Taking small steps to fight big problems
I remember the first time I attended an orientation for Bantay.ph, a civil society organization dedicating itself to fight for good governance. I remember sitting inside a seminar room while two twenty-somethings talked about what students like me could do to address the troubling problem of corruption in this country.
They asked the room two questions.
“Do you think the government is corrupt?” Hands from all across the room shot up. No surprise there.
“Do you think the people are corrupt?” Only two out of the many students present raised their hands, and I was one of them.
Needless to say, I signed up for their volunteer program. Although I was fully aware I had to sacrifice at least 4 weeks’ worth of Fridays (and when you’re a college student you learn to value your days off), I had vowed to do my part in reducing corruption in this country — or at least try to.
Pounding the pavement
In three sessions spanning 3 weeks, my group mates and I visited the Philippine Regulatory Commission (PRC) in Sampaloc, Manila to survey clients availing of the public office’s services and to fill out a checklist of things stipulated in the Anti-Red Tape Act or ARTA. It seemed like a tacit job to do, but it was more than that.
We got to talk to real people who experienced real problems with the system. I’ve personally never availed of any service from the PRC. I’ve only ever heard stories from my relatives. My mom, upon learning of my volunteer work, only had one thing to say to me: “PRC? Palaging masikip ’dun.”
The first time I visited the place for volunteer work, I can’t imagine ever going to PRC to get my license looking at the apparent hassle everyone was seemingly going through.
Waiting in vain
We’d hear of people checking up on their requests for months although documents should take no longer than 10 working days to be processed. We’d come across clients who still believed fixers were of help and what they’re doing is okay. We’d see firsthand the cramped waiting spaces, the confusing queuing system, the employees not wearing their identification cards…yes, we’d even see the comfort rooms under maintenance.
We’d take notice of the good – those who commended PRC for more efficiency in their services, the bad – those who complained of poor ventilation in the area, and the ugly – those who were just short of protesting because of the office’s employees and chairs (or lack thereof).
All of this we scrutinized as per requirements of the ARTA checklist. And all of this we made sure to relay to the proper authorities, all the while questioning ourselves how such facilities would pass when more than half of the requirements weren’t fulfilled.
After a couple of weeks and 3 visits to PRC, I attended what would be my last meeting with Bantay.ph. It was a debriefing session, and we were asked about what transpired and what we learned from our experience.
A volunteer shared her thoughts about the matter. “What we see in the big-scale also happens in the small-scale,” she said. And it was, undeniably, true – we see corruption every day, of limited extent or otherwise. It all boils down to whether or not we actually do anything to eradicate it.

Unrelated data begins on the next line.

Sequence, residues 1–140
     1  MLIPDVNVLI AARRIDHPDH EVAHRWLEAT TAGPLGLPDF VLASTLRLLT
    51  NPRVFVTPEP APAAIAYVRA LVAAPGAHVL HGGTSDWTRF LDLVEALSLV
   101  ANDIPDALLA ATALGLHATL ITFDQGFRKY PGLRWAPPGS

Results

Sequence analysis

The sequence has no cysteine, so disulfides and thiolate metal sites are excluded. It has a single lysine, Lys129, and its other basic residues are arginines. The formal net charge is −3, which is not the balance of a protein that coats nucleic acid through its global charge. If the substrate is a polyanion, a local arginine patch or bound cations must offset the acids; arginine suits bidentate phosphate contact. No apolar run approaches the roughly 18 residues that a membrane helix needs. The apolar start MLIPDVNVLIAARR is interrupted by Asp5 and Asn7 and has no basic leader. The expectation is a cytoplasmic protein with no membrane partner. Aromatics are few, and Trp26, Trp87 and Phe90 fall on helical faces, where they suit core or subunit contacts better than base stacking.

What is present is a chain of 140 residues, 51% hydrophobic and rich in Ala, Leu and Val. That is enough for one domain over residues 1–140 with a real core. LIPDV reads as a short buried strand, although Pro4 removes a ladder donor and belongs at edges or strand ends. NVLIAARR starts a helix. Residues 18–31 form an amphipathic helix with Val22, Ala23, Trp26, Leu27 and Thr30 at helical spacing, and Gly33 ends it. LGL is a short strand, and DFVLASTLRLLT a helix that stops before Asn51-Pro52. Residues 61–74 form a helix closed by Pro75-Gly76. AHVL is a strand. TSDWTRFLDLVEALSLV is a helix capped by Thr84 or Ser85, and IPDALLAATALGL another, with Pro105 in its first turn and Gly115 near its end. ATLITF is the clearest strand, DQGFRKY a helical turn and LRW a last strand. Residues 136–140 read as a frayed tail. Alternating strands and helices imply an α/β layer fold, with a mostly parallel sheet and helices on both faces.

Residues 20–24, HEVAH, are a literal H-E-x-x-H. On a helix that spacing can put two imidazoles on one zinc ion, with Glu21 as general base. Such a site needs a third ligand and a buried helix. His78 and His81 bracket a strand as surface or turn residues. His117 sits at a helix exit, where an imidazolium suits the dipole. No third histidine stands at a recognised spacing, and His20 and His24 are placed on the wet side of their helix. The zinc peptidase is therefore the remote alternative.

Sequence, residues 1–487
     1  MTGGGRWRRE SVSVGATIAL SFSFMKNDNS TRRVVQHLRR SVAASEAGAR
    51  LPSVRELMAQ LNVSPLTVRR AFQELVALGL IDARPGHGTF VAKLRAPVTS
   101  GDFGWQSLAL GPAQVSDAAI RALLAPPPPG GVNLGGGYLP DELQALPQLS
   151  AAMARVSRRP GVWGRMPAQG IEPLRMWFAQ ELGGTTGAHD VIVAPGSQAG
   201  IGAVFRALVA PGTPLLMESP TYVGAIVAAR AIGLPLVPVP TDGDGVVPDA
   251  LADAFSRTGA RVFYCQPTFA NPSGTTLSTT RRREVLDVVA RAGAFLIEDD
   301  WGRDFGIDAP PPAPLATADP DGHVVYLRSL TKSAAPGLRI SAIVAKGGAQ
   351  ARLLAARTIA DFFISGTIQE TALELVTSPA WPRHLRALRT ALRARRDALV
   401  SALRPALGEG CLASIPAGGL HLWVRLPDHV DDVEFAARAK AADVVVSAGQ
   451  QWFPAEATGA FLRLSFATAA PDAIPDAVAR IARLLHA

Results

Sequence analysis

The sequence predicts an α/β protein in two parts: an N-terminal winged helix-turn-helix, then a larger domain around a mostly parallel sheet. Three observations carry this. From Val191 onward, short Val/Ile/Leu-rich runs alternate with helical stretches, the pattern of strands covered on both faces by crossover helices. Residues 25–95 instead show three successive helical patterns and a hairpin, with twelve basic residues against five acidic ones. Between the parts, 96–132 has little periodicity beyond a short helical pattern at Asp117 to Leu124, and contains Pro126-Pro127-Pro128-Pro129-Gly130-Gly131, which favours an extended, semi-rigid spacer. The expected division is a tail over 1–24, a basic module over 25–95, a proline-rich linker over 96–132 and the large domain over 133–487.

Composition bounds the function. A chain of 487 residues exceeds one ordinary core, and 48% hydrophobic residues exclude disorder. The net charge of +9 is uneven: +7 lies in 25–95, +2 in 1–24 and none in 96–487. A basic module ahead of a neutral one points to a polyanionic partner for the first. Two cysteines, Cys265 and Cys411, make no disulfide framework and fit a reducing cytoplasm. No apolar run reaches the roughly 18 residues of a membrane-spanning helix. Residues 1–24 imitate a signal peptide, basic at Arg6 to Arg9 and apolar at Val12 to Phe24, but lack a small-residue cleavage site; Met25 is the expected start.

Small things matter
If the big things like plundered money and vote buying matter (and enrage the nation, even), then the little things like uncomfortable waiting areas, impolite government employees and bad frontline services should matter too. Because if we tolerate the corruption prevalent in the small-scale, then we’d have absolutely no problems with tolerating those in the bigger picture as well — even though more lives are at stake and bigger amounts of money could be used for more pressing needs.
And it just grows and grows until another large-scale corruption case surfaces and causes an uproar and the smaller things are left even more untreated and unnoticed.
What we’re fighting is definitely small-scale in comparison to the corruption we see on TV every day – the type that comes in the form of the pork barrel scandal and lack of transparency in other government funds, among others.
But that’s how it all begins. It all boils down to whether or not we do something about it, and Bantay.ph aims for precisely just that – it begins by shifting the mindset of “it’s always been that way” to “it doesn’t have to be that way,” because we deserve better.
We’re very good at criticizing the government for the wrong things we see them doing on evening news, but we fail to realize we’re part of what’s wrong in the system as well. For every single time we see something wrong and pass it off as “usual” because “it’s been that way ever since I could remember,” we contribute to the problem. Perhaps what’s badly needed by this country, in addition to better public service, is better cooperation of the citizens. That’s what I learned from my Citizenship and Governance class — that one can only truly attain the “ideal” if there was direct participation from a nation’s constituents.
Yes, I do believe that corruption can be seen in the people – and that it is rampant among them, even. There is corruption because we let it materialize right before our very eyes. There is corruption when we pay small bribes, when we make use of fixers. There is corruption when we see something wrong in the system and we stop there. The next step to recognizing corruption is to take a stand against it. – Rappler.com
Althea Gonzales is a student from the De La Salle University and a volunteer for Bantay.ph.
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